Like with the film industry, the gaming industry has seen the erosion of mid-budget fare. We’re now at the point where games are either independent titles made on tight budgets, or massively-budgeted tentpole efforts that require vast sales or could otherwise bankrupt studios.
BioWare Studios is now reportedly facing such a trial by fire with “Anthem,” their ambitious sci-fi multiplayer game title which is taking so many resources that, beyond skeleton teams maintaining “Star Wars: The Old Republic” and doing early work on the next “Dragon Age” game (which has been rebooted), their staff are focused on this one title which is now scheduled for release before March 2019.
Kotaku has done an extensive write-up on the pressure that BioWare is facing for this, their first new franchise in eight years, with much of it coming from their bosses at the much-maligned Electronic Arts (EA) with this marking EA’s first major go at a “Destiny”-style persistent online world title.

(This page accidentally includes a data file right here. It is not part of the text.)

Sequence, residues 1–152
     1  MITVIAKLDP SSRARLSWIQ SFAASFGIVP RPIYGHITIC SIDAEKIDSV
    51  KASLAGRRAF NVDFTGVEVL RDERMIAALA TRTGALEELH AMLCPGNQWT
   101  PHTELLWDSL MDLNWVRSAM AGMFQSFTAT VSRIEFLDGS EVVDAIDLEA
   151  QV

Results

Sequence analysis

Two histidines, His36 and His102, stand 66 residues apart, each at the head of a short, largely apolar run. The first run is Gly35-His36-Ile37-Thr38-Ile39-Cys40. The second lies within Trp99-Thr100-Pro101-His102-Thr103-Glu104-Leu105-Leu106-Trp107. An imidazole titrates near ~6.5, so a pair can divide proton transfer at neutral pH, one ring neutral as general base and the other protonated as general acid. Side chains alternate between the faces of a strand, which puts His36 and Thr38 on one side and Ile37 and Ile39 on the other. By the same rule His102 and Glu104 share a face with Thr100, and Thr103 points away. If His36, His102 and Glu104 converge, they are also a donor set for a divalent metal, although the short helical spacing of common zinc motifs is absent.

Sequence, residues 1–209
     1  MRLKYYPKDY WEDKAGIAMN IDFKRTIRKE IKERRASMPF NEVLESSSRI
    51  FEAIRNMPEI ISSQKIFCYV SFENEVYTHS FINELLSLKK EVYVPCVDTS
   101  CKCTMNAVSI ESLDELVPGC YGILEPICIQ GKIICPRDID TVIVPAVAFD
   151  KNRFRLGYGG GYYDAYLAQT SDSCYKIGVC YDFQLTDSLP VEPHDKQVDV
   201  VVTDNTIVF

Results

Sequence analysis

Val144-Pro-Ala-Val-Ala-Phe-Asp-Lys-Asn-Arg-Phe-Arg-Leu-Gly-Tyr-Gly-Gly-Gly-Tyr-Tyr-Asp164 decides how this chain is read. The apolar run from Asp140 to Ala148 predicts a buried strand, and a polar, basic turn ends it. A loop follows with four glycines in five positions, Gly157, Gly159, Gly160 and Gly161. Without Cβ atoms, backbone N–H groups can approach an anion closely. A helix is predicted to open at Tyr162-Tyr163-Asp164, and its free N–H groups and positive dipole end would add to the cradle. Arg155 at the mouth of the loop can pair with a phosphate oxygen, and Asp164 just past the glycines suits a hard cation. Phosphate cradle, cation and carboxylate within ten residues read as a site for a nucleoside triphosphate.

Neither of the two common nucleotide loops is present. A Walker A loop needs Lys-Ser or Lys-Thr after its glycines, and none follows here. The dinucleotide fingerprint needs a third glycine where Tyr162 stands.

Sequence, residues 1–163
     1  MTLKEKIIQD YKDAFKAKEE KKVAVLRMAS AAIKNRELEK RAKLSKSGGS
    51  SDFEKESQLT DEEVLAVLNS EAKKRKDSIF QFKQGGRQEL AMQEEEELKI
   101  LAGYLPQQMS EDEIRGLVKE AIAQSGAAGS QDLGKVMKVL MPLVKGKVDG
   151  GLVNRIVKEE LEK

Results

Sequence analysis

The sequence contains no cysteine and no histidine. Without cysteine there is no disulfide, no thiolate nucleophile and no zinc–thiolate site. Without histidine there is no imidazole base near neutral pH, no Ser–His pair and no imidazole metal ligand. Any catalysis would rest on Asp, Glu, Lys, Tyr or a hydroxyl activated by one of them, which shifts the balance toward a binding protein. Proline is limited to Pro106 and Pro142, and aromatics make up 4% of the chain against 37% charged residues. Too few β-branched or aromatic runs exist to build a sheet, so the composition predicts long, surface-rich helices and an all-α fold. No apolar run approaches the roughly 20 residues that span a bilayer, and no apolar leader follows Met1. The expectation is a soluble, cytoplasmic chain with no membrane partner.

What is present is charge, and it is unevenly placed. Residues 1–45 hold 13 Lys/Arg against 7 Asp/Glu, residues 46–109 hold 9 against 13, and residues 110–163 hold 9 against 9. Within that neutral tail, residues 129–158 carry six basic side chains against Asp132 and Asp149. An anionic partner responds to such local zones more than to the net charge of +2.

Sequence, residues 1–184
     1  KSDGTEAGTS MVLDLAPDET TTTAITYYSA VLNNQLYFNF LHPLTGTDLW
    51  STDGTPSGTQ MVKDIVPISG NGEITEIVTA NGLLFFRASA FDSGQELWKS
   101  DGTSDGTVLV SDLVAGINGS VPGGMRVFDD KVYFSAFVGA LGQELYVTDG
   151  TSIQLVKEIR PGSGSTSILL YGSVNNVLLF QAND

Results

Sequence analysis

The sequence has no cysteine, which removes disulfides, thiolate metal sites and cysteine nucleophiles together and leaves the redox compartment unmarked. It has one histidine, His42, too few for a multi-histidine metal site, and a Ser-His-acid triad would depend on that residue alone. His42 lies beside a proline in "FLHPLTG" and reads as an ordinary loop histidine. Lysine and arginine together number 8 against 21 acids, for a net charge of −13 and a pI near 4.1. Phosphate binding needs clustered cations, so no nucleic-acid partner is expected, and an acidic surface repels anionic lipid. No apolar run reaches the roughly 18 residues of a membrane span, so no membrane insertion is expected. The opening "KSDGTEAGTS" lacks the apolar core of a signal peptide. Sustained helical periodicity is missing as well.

BioWare suffered major blowback last year after “Mass Effect: Andromeda” launched to weak reviews slamming the ambitious but effectively unfinished game with the harm revealed to have been somewhat self-inflicted during development thanks to the production being under-resourced, struggling to use the Frostbite engine, and overhauled at least once. It was bad enough the entire franchise is now on ice.
Then came multiple and very public controversies for EA with the “Star Wars: Battlefront II” loot boxes and microtransactions debacle, its much criticised abandoning of the “Uncharted” franchise creator’s “Star Wars” single-player title in favour of a ‘games as a service’ above all else approach, and the underwhelming reaction to “Destiny 2”.
Each of these has shaken up the industry to some extent, and only puts more pressure on “Anthem” to deliver. Developers are reportedly still having issues developing for Frostbite, and the employment of microtransactions within the game is still undecided, but the company is definitely focused on getting the game made at least.
For the full article, head to Kotaku .